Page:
The Carlton House set, the collective name for the Prince Regent’s friends in the early 1800s, raised the practice of nicknaming to an art form. Some of these names are already familiar to regency readers, and more or less self-explanatory. Frederick “Poodle” Byng had light curly hair and kept a poodle, giving rise to the inevitable comparison. Edward Hughes Ball Hughes (he added the second “Hughes” in 1819 after his grandmother’s second husband, Admiral Edward Hughes, left him an enormous fortune of 40,000 pounds a year) was rich and handsome enough to be known as The Golden Ball. And, of course “Beau” Brummel is much better known today by his nickname than by his given name of George.
Others from the same set are a bit more obscure. Thomas Raikes was the son of a merchant banker, a famous dandy and friend to the great. He was said to have “risen in the east [the City, the financial center of London] and set in the west [Mayfair, the fashionable end of Town],” which led in a roundabout way to his being nicknamed after the sun god, Apollo. Lord Yarmouth, later Marquis of Hertford, was known as “Red Herrings,” since he was ginger-haired and Great Yarmouth was a thriving port for the herring industry. Joseph Haynes earned no less than three nicknames: for the color of his coats, he was known as “Pea Green” Haynes; for his rivalry with the wealthier Golden Ball, he was known as “Silver Ball”; and when he proposed to the famous actress-courtesan Maria Foote, he became known as—what else?—“Foote Ball.”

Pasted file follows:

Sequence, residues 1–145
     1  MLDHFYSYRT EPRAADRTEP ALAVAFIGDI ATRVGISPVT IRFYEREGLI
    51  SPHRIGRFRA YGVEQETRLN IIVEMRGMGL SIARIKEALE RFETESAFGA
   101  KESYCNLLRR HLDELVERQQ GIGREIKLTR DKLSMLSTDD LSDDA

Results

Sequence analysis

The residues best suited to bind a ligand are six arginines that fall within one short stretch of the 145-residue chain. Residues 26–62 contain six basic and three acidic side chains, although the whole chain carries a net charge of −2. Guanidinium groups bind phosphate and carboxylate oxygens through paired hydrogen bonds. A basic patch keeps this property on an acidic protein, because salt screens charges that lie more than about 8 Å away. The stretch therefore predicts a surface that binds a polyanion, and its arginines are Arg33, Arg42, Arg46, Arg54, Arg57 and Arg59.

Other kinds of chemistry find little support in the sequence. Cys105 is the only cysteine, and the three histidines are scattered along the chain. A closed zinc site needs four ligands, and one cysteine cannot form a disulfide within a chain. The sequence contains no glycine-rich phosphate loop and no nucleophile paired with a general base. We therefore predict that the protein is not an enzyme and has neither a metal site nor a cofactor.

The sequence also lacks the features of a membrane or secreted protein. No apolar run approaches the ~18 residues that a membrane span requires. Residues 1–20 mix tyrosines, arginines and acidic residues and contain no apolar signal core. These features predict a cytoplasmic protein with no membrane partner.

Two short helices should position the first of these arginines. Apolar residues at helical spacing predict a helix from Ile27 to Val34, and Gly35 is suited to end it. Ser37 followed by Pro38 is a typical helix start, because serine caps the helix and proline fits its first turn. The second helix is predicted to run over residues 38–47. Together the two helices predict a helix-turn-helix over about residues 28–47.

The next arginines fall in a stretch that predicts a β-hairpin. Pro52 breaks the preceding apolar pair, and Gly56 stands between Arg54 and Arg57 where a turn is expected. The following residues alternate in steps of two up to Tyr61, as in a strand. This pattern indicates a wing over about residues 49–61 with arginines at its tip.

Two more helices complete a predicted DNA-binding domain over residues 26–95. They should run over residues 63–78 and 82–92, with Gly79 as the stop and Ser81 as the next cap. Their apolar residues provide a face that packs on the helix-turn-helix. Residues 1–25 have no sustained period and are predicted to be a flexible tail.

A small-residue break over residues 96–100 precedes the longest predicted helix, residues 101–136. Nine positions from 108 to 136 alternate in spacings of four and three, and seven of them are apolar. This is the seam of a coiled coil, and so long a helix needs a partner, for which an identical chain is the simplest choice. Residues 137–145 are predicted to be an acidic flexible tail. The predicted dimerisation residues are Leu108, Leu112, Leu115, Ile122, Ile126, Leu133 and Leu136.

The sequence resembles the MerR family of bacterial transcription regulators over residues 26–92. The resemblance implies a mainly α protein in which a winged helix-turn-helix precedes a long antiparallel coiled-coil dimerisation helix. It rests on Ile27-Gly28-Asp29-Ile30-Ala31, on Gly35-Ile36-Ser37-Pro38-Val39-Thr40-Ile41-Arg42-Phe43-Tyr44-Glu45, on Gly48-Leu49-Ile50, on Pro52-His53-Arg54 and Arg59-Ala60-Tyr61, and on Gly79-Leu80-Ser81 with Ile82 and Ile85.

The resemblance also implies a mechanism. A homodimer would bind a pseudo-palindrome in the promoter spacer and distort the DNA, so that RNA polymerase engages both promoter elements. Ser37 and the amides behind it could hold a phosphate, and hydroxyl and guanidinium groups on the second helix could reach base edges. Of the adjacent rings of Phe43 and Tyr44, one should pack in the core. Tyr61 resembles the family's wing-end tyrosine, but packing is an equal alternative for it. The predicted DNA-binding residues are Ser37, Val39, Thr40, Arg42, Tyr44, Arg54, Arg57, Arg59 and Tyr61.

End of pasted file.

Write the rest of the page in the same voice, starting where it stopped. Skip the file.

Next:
Maria Foote won a breach of promise suit against Pea Green Haynes before marrying the more loyal Beau Petersham.
The 2nd Lord Foley, an early champion of flight, was known as "Lord Balloon" after the abortive September 29, 1784, launch that ended with a hot air balloon ablaze in his Portland Place garden.
What about you? Do you have a favorite historical nickname, whether real or fictional?
Alyssa Everett's debut regency romance, Ruined by Rumor, is currently available from Carina Press. She hopes you'll visit her website and follow her on Twitter and Facebook, where she promises not to spam you relentlessly.